Friday, November 29, 2013

Scenes from the Museo de la Xocolata

Barcelona is the first place in Europe to have seen cocoa beans. Christopher Columbus, having encountered the beans used as currency and as a drink by the Aztecs, brought some beans with him to Spain and presented them to King Ferdinand and Queen Isabella. The beans didn't make much of an impression. It wasn't until a generation later when a Spanish explorer, conquistador Hernando Cortes, returned to Spain with beans and a means of processing them into a bitter drink that chocolate was embraced by the Spanish nobility.

You can find fancy chocolate shops around Barcelona. During our trip, we made stops at several xocolaterias to pick up bars of chocolate or dip churros into hot cups of chocolate. Our favorite was the fancy Fargas chocolate shop, founded in 1827 and still crafting handmade chocolates.

Kate chose between dark chocolate bars, really dark chocolate bars, and really really dark chocolate bars.
The local chocolate confectioners established the Museo de la Xocolata in the El Born neighborhood. It provides a solid background on the development of chocolate from Aztec times through the modern day, but the real focus of the museum is stolen by all the magnificent chocolate sculptures displayed throughout the building. This museum definitely enthralls the visiting children; it was a highlight of the trip for Jackson. Kate and I thought it was a fun stop for us, too, from the chocolate bar as our admission ticket to the chocolate shop at the exit.

Mixer with rotating wheels of granite that liquefies the chocolate nibs and mixes them with sugar, cocoa butter, spices, and other flavorings.
The chocolate sculptures are generally created by local chocolatiers who use them as displays in the their own shops for holidays such as Easter and Christmas, and then eventually bring them to the museum. Thus, the museum benefits from an ever-changing series of displays.

White chocolate gorilla.
It's a Komodo dragon, we explained to Jack. Here's what he understood: "A dragon!"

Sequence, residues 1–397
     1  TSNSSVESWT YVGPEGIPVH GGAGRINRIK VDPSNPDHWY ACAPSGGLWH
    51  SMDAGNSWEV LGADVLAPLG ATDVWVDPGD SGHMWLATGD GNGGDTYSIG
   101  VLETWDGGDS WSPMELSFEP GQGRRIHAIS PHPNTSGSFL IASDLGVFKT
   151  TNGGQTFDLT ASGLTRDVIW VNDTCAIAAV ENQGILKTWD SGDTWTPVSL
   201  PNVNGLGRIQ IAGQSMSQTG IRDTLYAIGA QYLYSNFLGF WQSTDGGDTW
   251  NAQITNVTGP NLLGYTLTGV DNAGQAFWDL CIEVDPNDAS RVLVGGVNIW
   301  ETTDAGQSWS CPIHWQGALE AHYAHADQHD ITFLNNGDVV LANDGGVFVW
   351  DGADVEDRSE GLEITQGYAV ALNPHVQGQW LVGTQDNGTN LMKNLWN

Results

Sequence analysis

La la la-la la la / Sing a happy song / La la la-la la la / Smurf your whole day long. How long is that gonna be stuck in your head today?
Don Quixote tilts at windmills.
Messy chocolate...errr...chocolate Lionel Messi.
Asterix and Obelix.
Nativity Facade of Sagrada Familia.

Wednesday, November 27, 2013

"Should Scotland be an independent country?"

Next fall, on 18 September 2014, the people of Scotland will vote in a referendum to answer a yes/no question: "Should Scotland be an independent country?"

Yesterday, the ruling party in Scotland -- the Scottish National Party (SNP) -- put forth a "white paper" advocating for independence and explaining what might happen and what policies they would pursue if Scotland voted to remove itself from the United Kingdom. The SNP is a left-leaning party that has a majority of seats in Scotland's unicameral parliament. It's opposed by both the Tory and Labour parties, as well as the Liberal Democrats and other smaller parties.

Titled "Scotland's Future: Your Guide to an Independent Scotland," the white paper is 670 pages long. You can read it here, if you have a lot of time on your hands. It's not a scholarly analysis of the issues. Rather, the white paper is a campaign document full of pledges to spend more money here, reduce spending there, make life better in these ways, etc. For Americans, it's kind of like reading a Republican or Democratic party convention platform -- hopes and aspirations, but not all of it will, or even can, come to pass. Most of the positions in the white paper will have to be either passed by the Scottish parliament (often referred to as "Holyrood," since the parliament building is adjacent to the Queen's Palace of Holyroodhouse in Edinburgh) or, much more precariously, negotiated with and agreed by the United Kingdom.

White paper on independence. (Photo courtesy of the BBC.)
You should keep in mind that the white paper is not what is being voted on by the public. At the polls next September, voters will only answer the yes/no question of whether Scotland should be independent from the United Kingdom. What happens after that is, to some extent, unknown. The SNP has put forward its white paper to reassure and convince a skeptical public that if they vote for independence their lives will not be greatly disrupted and they face a brighter future. The opposition parties, of course, predict dire outcomes.

To me, the most striking thing about the white paper is the SNP's position that it would retain the pound sterling and keep the Bank of England as the "lender of last resort," somewhat akin to the U.S. Federal Reserve. Certainly not joining the Euro. Not creating an independent Scottish currency. Instead, Scottish monetary policy, interest rates, borrowing power, and so on, would be under the strong influence of the rest of the U.K. Of course, keeping this "sterling zone" has advantages such as easy trade with the rest of the U.K. It keeps economic changes to a minimum. It reassures businesses. It makes it easy to continue pensions and other cross-border benefit schemes. I think it's a sensible course to follow, but it also takes away some of the power -- and the very point -- of Scottish independence. Moreover, the decision to allow Scotland to keep the pound sterling and rely on the Bank of England is up to the U.K., not Scotland. My assumption is that the U.K. would allow it, but not without some hemming and hawing, and perhaps some further negotiating concessions.